Mayor Vincent Gray on Wednesday gave the public its first peek at the District's 157-passenger streetcar, scheduled to be in service by the end of the year, but said he doesn't know how much the 37-mile project will end up costing D.C. taxpayers.
"I don't think we can, with precision, say how much this will cost when we're finished," Gray said Wednesday morning.
In the mayor's budget proposal, the administration puts the total cost of a smaller 22-mile plan at $542 million -- $34.5 million of which has already been spent. This coming fiscal year, the mayor has asked for $63 million, funded by city bonds, for the streetcar project.
The proposal is part of the mayor's ambitious $1.38 billion in large projects for the coming fiscal year. It comes as the District's mayoral race begins to get under way -- a race Gray has not yet said he will enter.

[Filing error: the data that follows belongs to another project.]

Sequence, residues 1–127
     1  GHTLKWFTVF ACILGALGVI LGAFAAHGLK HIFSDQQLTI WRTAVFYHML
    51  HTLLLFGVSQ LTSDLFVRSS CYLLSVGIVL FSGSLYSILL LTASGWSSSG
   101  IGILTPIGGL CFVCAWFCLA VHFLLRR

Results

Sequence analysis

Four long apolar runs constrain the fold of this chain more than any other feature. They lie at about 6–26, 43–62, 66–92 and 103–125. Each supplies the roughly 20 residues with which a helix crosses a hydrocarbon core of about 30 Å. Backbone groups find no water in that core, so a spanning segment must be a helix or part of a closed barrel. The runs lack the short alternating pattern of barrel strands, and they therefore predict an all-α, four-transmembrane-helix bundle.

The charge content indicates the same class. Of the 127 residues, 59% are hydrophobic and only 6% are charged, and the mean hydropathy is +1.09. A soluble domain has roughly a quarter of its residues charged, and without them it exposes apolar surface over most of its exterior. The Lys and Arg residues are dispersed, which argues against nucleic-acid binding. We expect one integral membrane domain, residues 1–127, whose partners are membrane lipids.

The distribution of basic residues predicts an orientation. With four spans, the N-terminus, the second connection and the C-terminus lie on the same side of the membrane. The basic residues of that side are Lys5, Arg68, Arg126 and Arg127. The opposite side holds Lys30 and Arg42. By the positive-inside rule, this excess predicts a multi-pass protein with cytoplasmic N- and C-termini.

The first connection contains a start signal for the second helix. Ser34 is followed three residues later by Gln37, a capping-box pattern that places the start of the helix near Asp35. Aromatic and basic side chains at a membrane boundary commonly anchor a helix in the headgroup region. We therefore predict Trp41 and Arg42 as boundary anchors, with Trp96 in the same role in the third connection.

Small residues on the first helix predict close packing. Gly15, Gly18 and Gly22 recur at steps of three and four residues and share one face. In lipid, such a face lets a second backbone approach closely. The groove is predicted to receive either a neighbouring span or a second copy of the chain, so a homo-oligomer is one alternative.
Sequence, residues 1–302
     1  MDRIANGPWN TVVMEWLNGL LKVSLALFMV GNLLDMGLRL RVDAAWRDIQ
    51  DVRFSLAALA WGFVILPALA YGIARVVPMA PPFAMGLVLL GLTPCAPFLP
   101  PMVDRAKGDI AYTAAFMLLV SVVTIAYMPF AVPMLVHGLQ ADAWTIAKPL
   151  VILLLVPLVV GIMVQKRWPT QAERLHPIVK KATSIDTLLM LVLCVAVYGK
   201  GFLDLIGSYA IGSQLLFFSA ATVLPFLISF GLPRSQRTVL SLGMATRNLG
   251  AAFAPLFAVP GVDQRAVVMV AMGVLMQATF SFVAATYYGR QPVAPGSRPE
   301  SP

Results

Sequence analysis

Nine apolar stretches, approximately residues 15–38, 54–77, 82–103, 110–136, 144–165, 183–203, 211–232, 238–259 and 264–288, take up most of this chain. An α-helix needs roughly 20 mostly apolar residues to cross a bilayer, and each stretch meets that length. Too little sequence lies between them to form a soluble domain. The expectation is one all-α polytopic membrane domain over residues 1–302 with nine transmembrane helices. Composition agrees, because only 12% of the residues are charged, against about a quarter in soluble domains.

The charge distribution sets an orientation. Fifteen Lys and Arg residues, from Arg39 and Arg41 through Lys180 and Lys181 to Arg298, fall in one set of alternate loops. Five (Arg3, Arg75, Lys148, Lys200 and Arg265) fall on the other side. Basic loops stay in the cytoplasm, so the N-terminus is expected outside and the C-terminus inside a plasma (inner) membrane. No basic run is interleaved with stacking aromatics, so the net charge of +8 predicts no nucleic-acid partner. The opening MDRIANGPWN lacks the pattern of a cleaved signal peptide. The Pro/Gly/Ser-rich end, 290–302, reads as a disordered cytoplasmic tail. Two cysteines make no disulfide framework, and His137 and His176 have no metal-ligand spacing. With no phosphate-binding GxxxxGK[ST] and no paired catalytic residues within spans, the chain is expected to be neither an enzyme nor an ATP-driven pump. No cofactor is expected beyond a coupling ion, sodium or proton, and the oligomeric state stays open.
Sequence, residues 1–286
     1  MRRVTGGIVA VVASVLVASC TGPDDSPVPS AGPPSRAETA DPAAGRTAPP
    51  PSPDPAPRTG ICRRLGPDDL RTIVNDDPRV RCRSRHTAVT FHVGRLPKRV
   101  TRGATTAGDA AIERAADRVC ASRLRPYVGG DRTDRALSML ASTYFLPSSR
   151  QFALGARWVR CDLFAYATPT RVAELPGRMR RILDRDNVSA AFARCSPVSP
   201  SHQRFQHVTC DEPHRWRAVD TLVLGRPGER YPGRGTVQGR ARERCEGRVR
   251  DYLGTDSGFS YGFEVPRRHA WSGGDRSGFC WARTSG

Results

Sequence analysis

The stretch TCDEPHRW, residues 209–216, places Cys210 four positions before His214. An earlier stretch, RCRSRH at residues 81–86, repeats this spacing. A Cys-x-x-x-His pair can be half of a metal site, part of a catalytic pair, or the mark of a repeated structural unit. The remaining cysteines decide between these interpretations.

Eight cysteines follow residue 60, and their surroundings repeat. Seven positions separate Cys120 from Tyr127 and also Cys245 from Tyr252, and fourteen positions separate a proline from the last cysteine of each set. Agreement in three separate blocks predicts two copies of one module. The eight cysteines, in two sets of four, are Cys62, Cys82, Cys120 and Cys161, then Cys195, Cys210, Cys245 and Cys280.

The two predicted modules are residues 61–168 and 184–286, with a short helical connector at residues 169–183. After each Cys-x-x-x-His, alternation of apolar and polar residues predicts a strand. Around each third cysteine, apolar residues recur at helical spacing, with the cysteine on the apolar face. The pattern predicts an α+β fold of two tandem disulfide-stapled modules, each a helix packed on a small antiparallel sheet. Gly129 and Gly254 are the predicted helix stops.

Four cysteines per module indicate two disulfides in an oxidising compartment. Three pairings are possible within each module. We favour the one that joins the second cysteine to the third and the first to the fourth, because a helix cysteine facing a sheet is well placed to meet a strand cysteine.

Before climbing into the streetcar and positioning himself in the driver's seat Wednesday, Gray touted the benefits of the city's streetcar program.
The city is aiming big with the project, hoping one day to have the largest streetcar system in the nation. For now, the District is starting relatively small. The city hopes to have six streetcars running along the H Street corridor by the end of the year.
Officials will test the streetcars at Metro's Anacostia facility before putting them into action.
The District already owns three, $3.3 million streetcars, built in 2005 by Inekon Trams of the Czech Republic. The bright red and yellow cars weigh more than 33 tons each and can run at speeds up to 45 mph. The cars are 8 feet wide -- 6 inches thinner than the city's buses and 2 feet thinner than Metro's railcars.